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A Target — Possibly Moving

Who is responsible for protecting mobile satellite services?

Glen Gibbons
I do kind of sympathize with the argument that the fish were here first and that they have some rights that deserve respect, which the latter-day dam builders haven’t given them.

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Up here in the beautiful Pacific Northwest — yes, the sun is shining; hence, my enthusiasm — we have a wealth of wildlife. It goes nicely with the splendid landscape.

We have birds of all songs and colors. (Migratory Western tanagers passing through right now.) A selection of bears, mountain lions, the occasional wildcat. A surfeit of deer. 

Even buffalo and grey wolves are making their comeback.

We have salmon and steelhead, too, both wild and fishery stock. Native to all the streams, making a great show of their migrations to and from the Pacific Ocean.

They’ve been here a long time.

In fact, a variety of landlocked sockeye salmon, known as kokanees, adapted to the Cascade Mountain lakes around here tens of thousands of years ago when their access to the sea was cut off by changes in geography.

Salmon once were so numerous and cheap in the Northwest that the city of Portland passed a law that prohibited the serving of the richly flavored fish more than three times a week in boarding houses.

I doubt that the law is on the books anymore, because salmon have become much less abundant in recent years.

Most wildlife biologists attribute that development to the effects of hydroelectric dams built on the rivers here during the past 80 years — big ones that throw a roadblock (well, river block) in the way of the salmon’s rites of passage.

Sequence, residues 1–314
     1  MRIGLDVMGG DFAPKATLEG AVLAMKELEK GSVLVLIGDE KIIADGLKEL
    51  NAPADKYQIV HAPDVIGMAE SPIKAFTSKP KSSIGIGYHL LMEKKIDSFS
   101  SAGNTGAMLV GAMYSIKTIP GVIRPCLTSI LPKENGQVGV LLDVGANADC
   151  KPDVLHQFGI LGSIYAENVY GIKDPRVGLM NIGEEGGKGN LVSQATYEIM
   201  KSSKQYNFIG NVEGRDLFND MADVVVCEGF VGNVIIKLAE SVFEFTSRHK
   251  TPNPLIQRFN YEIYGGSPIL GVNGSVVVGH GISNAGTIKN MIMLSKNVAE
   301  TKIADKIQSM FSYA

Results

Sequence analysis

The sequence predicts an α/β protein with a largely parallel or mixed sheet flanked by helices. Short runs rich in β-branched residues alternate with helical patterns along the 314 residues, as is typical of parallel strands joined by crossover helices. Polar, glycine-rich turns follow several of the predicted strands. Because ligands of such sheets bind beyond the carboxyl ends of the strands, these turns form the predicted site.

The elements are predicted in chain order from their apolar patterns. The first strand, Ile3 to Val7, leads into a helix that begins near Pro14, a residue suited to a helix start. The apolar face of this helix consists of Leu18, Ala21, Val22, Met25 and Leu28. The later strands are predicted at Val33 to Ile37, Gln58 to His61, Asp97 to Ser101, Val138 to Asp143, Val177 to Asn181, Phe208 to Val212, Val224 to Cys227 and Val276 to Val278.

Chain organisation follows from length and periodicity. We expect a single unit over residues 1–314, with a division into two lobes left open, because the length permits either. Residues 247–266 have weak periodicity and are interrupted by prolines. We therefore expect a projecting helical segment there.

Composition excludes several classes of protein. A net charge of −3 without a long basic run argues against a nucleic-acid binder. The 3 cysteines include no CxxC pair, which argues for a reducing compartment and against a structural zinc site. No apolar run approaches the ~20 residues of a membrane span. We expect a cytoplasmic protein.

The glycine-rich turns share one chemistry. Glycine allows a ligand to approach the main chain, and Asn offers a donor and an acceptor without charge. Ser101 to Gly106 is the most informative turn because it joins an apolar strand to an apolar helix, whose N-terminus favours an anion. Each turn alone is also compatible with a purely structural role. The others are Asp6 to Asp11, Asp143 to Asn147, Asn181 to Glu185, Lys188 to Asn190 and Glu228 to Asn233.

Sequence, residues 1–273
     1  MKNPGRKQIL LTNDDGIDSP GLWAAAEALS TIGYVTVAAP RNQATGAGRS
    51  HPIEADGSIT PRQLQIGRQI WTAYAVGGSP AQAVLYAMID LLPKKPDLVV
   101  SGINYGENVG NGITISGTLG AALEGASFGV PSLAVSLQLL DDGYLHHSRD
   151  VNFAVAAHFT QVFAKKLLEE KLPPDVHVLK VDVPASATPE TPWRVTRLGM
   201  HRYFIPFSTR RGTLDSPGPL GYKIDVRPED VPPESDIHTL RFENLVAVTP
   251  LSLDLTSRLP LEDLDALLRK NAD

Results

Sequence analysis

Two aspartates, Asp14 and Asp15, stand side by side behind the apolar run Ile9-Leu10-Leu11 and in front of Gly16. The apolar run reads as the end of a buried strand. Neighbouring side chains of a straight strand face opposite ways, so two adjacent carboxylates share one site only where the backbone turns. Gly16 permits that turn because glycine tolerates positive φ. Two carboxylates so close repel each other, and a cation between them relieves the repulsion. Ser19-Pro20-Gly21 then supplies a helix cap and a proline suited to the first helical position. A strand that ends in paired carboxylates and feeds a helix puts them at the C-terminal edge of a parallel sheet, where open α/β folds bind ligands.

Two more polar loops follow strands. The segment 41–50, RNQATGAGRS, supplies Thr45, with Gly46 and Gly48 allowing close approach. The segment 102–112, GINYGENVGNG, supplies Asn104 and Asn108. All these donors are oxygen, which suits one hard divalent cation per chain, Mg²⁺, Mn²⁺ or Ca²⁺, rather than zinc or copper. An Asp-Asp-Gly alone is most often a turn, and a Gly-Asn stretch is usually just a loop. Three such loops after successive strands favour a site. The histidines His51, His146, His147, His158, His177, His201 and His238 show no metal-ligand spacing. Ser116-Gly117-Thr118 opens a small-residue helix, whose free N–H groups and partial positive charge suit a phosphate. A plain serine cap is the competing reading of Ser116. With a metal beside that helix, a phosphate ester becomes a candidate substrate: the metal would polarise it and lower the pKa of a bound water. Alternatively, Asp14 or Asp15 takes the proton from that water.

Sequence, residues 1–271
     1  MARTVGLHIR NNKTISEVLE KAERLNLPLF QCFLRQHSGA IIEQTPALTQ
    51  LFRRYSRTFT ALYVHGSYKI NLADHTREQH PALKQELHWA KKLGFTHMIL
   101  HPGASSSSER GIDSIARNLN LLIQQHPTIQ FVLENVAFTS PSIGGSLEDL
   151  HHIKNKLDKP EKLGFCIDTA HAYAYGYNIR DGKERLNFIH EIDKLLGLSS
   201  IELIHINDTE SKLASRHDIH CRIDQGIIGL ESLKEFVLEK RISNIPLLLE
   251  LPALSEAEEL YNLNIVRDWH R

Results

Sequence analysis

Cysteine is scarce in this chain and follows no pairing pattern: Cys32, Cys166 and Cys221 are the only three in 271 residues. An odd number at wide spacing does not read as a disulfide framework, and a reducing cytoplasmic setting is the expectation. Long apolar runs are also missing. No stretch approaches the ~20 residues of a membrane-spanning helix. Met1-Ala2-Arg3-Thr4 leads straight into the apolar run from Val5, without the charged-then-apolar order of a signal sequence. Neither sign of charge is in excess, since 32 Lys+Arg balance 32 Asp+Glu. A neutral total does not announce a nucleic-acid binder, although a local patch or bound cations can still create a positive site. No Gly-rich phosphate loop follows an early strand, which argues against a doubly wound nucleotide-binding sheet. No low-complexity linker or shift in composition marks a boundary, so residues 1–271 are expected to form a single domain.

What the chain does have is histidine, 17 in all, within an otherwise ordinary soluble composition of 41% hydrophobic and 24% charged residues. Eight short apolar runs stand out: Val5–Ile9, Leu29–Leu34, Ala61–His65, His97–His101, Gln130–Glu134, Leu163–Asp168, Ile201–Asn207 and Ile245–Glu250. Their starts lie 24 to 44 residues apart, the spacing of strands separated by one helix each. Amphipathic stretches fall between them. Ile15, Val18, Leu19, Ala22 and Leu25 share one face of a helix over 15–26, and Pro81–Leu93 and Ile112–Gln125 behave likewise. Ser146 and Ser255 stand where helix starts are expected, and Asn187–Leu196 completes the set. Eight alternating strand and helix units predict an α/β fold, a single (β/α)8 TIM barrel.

The juvenile salmon and steelhead get chewed up in the dam turbines on their way to the ocean; older salmon seem to get confused and circle around in the pools behind the dams, and few of them seem to like the fish ladders that the Corps of Engineers provided — even though they look perfectly okay to me.

Now, some folks in the hydroelectric business like to lay this problem off on predation by sea lions. And it’s true that these gluttonous mammals lounge around near the mouth of the Columbia River, eating their fill of fish for days on end.

But then sea lions have been doing that for millennia, too, and it never seemed to have made much of a dent in the salmon population.

Nonetheless, I’m not a particular critic of hydroelectricity.

We got to take field trips and visit them during our grade school days. And the historically inexpensive electricity has made it hard for the nuclear power industry to make much of an inroad into the region. A few years ago, Oregon blew up the cooling tower of its only nuclear plant, previously decommissioned after a short and heavily subsidized operation.

But I do kind of sympathize with the argument that the fish were here first, and that they have some rights that deserve respect, which the latter-day dam builders haven’t given them.

All of which brings me a long way around to this report and order issued April 6 by the Federal Communications Commission (FCC) on the subject of opening up mobile satellite services for broadband.

In it, the FCC argued that “responsibility for protecting services rests not only on new entrants [to a spectrum] but also on incumbent users themselves, who must use receivers that reasonably discriminate against reception of signals outside their allocated spectrum. In the case of GPS, we note that extensive terrestrial operations have been anticipated in the L-band for at least 8 years.”

Gosh, seems reasonable — until you consider that GPS has been operating for 30 years in a part of the radio frequency environment designated for low-power space-to-Earth satellite communications. At least, it had been until LightSquared, the FCC, and some political beneficiaries made a back-door run on adjacent allocations.

Oh, and the FCC’s line of reasoning also repudiates the long-established principle that latecomers to an RF band must ensure their operations do not harm existing users.

Too bad for get-rich-quick investors, perhaps, but the burden of proof and the burden of costs remains with the interlopers.

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